This is excellent - I hope a few journalists now have the courage to phone up the PR departments of Sony, EA et al and ask what guarantees they are prepared to offer that they won't do the same as Walmart.

Of course, such a journalist might lose the odd future "exclusive"...


What's the betting not one of them has the balls?

roughly the same as all the numbers in your sig added together :kaola: 
September 29, 2008 3:29:28 PM

I would never buy music through such a service. It's just not worth it.
Obviously this was posted to draw a parallel between music DRM and video game DRM, but it's not exactly the same issue. While there are a lot of similarities the general way in which we consume music and video games are actually pretty different. For one, I would never pay multiple times the cost of a game for a one time experience to play it live with the developers. However I would pay several times the amount of a CD to go to a concert. There is also already a precedent for buying games knowing they may have a limited shelf life. Console games basically have a lifespan only as long as the console it's on. And MMOs (which also happen to be the most costly games) are only as good as long as they are supported.
That's why in all the DRM/Piracy discussions I've avoided comparing music piracy with game piracy. In fact my views on sharing music differ from games.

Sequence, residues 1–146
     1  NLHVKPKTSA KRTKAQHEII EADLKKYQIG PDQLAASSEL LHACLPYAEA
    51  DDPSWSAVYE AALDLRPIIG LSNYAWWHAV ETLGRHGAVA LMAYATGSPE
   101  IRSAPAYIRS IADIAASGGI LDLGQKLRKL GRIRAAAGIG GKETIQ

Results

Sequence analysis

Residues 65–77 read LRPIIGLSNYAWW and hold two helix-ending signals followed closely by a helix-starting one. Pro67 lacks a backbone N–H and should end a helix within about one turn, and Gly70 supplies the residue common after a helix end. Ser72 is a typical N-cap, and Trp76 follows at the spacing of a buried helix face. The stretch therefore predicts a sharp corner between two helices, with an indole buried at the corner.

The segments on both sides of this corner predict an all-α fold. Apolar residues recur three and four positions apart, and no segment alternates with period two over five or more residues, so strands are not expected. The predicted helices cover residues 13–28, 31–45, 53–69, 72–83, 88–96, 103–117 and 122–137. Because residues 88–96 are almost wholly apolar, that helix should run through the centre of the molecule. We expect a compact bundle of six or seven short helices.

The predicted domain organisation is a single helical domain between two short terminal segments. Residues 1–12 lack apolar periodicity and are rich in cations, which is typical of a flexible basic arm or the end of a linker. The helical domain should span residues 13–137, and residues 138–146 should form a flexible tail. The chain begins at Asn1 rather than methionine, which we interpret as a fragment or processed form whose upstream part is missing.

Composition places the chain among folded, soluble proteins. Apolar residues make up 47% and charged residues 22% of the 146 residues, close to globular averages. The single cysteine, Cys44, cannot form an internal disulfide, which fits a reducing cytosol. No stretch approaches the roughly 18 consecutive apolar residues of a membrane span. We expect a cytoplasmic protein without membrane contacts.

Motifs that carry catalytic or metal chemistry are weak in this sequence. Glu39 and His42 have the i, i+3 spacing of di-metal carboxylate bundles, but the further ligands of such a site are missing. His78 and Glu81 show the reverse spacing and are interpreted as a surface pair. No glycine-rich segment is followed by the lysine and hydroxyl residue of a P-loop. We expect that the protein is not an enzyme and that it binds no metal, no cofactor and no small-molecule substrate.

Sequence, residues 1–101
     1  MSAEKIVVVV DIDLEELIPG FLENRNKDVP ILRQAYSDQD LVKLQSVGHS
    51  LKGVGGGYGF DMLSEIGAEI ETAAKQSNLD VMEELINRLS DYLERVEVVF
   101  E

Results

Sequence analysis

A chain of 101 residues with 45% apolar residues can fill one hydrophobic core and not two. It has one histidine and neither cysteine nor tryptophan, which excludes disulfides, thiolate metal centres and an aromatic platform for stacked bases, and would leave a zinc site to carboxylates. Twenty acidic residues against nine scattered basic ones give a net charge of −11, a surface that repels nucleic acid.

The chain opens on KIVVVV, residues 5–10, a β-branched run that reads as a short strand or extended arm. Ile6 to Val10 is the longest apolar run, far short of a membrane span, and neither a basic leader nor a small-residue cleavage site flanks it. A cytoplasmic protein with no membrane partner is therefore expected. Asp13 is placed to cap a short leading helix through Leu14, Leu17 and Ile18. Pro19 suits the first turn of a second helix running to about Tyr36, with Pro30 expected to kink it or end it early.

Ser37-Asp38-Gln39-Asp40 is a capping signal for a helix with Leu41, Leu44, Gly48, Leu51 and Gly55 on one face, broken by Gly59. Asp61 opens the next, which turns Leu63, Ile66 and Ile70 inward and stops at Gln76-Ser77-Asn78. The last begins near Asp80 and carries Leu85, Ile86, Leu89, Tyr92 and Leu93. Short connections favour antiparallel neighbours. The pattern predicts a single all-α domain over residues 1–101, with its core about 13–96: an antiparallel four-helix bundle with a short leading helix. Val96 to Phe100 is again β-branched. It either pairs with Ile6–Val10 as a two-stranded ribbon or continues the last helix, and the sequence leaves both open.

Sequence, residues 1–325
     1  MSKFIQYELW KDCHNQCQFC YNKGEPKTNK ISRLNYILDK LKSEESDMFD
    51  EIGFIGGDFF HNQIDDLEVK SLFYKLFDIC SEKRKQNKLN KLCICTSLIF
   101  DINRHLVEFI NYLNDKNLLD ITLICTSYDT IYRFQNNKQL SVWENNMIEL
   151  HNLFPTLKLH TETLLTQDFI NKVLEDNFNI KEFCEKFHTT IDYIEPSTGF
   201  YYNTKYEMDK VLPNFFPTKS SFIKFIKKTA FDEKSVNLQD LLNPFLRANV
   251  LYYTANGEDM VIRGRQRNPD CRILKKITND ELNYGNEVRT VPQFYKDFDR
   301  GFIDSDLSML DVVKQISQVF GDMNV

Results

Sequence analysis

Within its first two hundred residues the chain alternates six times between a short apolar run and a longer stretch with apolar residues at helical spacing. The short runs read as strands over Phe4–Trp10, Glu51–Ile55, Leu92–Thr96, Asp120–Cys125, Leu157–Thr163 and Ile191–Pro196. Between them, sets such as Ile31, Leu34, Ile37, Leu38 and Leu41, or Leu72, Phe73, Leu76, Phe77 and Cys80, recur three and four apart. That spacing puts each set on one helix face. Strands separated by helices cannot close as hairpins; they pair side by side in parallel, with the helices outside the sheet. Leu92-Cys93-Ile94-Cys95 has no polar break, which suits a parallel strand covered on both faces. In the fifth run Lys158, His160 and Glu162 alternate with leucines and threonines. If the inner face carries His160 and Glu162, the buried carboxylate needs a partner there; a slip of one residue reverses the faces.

As far as how easy it is to use P2P or Torrents I think I have a pretty good perspective of what is normal. There are a lot of people who even just using email is difficult so P2P or Torrents are completely out of their reach. But there are also a lot of people who do not completely understand them, but do know enough to use them. What happens though is that these people pretty quickly run into problems with spyware and viruses from using P2P. So even though they can use P2P they will often avoid doing so, assuming they learned their lesson the first time. Even the people who are a little more savvy then them and can effectively pirate music without issue, pirating software is a whole other ballgame because by their very nature pirating software requires running an executable. So be careful on how you define easy. Getting a car to 200mph is easy. Driving at 200mph is a whole other level and doing so in a race is even further beyond that.
!